15. 15.

    & Cysteine, even at low concentrations, induces transient amino acid starvation. J. Bacteriol. 173, 5244–5246 (1991).

  16. 16.

    & Bacterial amino acid transport proteins: occurrence, functions, and significance for biotechnological applications. Appl. Microbiol. Biotechnol. 58, 265–274 (2002).

  17. 17.

    , & Process for preparing O-acetylserine by fermentation. German patent application DE A 10107002 (2001).

  18. 18.

    , & Cyclization of cysteinylglycine under Pummer reaction conditions. Can. J. Chem. 57, 2412–2425 (1972).

  19. 19.

    et al. Process for S-aryl-L-cysteine and derivatives. European patent application EP 0968997A2 (1998).

  20. 20.

    Gene-expression tools for metabolic engineering of bacteria. Trends Biotechnol. 17, 452–460 (1999).

  21. 21.

    , , & Expanding the genetic code of Escherichia coli. Science 292, 498–500 (2001).

  22. 22.

    et al. Enlarging the amino acid set of Escherichia coli by infiltration of the valine coding pathway. Science 292, 501–504 (2001).

  23. 23.

    , , , & Incorporation of an unnatural amino acid in the active site of porcine pancreatic phospholipase A2. Substitution of histidine by 1,2,4-triazole-3-alanine yields an enzyme with high activity at acidic pH. Protein Eng. 9, 345–352 (1996).

  24. 24.

    , , , & Biosynthesis of complex polyketides in a metabolically engineered stain of E. coli. Science 291, 1790–1792 (2001).

  25. 25.

    , & Molecular breeding of carotenoid biosynthetic pathways. Nat. Biotechnol. 18, 750–753 (2000).

  26. 26.

    , , , & Novel hydroxycarotenoids with improved antioxidative properties produced by gene combination in E. coli. Nat. Biotechnol. 18, 843–846 (2000).

  27. 27.

    The Escherichia coli K-12 “wild types” W3110 and MG1655 have an rph frameshift mutation that leads to pyrimidine starvation due to low pyrE expression levels. J. Bacteriol. 175, 3401–3407 (1993).

  28. 28.

    et al. Quantitative evaluation of Escherichia coli host strains for tolerance to cytosine methylation in plasmid and phage recombinants. Nucleic Acids Res. 17, 3468–3479 (1989).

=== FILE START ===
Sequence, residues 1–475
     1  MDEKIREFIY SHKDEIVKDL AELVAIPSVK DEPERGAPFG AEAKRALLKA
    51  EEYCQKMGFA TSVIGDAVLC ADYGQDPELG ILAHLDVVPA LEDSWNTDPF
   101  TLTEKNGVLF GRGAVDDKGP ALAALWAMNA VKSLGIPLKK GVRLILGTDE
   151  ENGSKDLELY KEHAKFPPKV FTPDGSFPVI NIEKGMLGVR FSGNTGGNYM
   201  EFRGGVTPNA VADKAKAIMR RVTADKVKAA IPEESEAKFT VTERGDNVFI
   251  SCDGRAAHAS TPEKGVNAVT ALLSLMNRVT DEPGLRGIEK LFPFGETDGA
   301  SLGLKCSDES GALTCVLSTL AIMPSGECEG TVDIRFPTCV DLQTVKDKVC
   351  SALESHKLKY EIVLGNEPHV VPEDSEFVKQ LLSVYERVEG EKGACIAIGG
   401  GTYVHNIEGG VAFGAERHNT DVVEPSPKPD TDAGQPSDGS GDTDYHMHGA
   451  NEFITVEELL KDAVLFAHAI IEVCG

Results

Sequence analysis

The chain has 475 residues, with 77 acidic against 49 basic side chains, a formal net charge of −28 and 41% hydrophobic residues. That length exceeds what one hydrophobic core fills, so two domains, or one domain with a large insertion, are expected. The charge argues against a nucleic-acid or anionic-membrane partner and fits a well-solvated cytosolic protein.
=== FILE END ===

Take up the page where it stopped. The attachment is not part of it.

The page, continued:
29. 29.

    & Construction and characterization of amplifiable multicopy DNA cloning vehicles derived from the P15A cryptic miniplasmid. J. Bacteriol. 134, 1141–1156 (1978).

  30. 30.

    A spectrophotometric method for the direct determination of cysteine in the presence of naturally occurring amino acids. Biochem. J. 104, 627–633 (1967).

Download references

Acknowledgements

The author thanks the entire Consortium team for support in many different ways, but especially Renate Flinspach, Alex Leinauer, and Benedikt Reschka for excellent technical assistance. I am also indebted to Carsten Gaebert for valuable discussions and for analytical measurements. Moreover, August Boeck, Tobias Dassler, and Guenter Wich are acknowledged for critical reading of the manuscript.

Author information

Affiliations

  1. Wacker Chemie GmbH Consortium für elektrochemische Industrie GmbH (Corporate Research Facility of Wacker-Chemie), Zielstattstr. 20, 81379 Munich, Germany.  thomas.maier@wacker.com

    • Thomas H. P. Maier

Authors

  1. Search for Thomas H. P. Maier in:

Competing interests

The author declares no competing financial interests.

About this article

Publication history

Received

Accepted

Published

DOI

https://doi.org/10.1038/nbt807

Further reading